She felt her tension dissipate. She leaned against the chair’s uncomfortable ornate back and curled her hands in her lap. Charles settled one hip on the edge of a Wallaiston table, his back to the open safe. Aubrey leaned to look at it.
“What will Sir Wardell’s man do? Take finger-prints?”
“Yes. There probably won’t be any. There weren’t at the other locations.”
“The last three burglaries?”
He hesitated, and Aubrey said, “Have there been more than three?”
“In a manner of speaking. Wardell’s powder is effective, and his index is growing. But we have to actually find prints before we can match them.”
“Do you think magic could be involved? The papers didn’t mention explosives, and that safe doesn’t look damaged.”
Charles grinned at her; she let the warmth of his pleasure seep through her as he said, “The safe is an old model; getting through its door wouldn’t be difficult. The real issue is how the burglars got in. No open windows. Doors locked—”
“From the inside,” Aubrey said gleefully, and he laughed.
“From the inside.”
“So the burglars are magicians who can lock doors and close windows after them or—”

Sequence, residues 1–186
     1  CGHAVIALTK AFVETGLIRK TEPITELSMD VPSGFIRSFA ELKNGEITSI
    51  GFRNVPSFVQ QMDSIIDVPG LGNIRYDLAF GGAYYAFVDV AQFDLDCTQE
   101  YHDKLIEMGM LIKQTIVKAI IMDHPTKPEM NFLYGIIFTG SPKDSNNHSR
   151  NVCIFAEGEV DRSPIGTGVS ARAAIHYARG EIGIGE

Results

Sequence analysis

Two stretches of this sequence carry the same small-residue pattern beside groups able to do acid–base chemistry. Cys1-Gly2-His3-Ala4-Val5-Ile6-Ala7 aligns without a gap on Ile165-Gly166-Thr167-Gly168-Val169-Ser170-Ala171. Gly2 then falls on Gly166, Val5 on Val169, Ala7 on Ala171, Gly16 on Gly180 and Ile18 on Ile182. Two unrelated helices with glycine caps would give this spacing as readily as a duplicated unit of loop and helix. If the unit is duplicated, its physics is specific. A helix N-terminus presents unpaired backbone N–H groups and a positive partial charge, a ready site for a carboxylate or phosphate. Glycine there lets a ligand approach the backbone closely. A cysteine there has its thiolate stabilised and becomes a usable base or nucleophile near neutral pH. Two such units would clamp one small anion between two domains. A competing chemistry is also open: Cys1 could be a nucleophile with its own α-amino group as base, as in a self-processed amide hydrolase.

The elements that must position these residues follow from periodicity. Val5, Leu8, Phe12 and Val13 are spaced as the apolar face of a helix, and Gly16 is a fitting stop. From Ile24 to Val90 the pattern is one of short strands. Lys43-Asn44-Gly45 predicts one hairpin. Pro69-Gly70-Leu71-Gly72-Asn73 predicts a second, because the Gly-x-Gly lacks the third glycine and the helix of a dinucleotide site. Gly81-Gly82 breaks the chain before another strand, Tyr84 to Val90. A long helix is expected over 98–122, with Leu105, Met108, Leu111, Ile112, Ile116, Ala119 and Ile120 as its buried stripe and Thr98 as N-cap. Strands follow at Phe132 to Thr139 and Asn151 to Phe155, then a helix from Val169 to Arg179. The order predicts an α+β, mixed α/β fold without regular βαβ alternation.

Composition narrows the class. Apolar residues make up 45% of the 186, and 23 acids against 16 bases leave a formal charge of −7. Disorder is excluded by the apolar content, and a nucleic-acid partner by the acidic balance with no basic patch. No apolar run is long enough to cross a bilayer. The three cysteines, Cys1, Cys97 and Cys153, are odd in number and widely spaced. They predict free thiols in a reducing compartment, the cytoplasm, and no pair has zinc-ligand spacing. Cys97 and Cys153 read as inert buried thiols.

He was studying the floor again, arms folded.
“Or change shape,” he said to it. “We’re exploring every possibility.”
We. And before he had said “us”—you helped us.
He wasn’t just a policeman named Charles. He was Charles Stowe, head of the police. Aubrey had seen his name in the newspapers. The Gazette liked to quote him because he would sometimes request “the public’s assistance.” Aubrey had wanted to assist, had wanted to be that special witness who broke a case.
She had pictured Mr. Stowe as older, grizzled: a wise gentleman with a lined face and gray hair. He was much more unnerving in his current form: a full-grown male in his prime.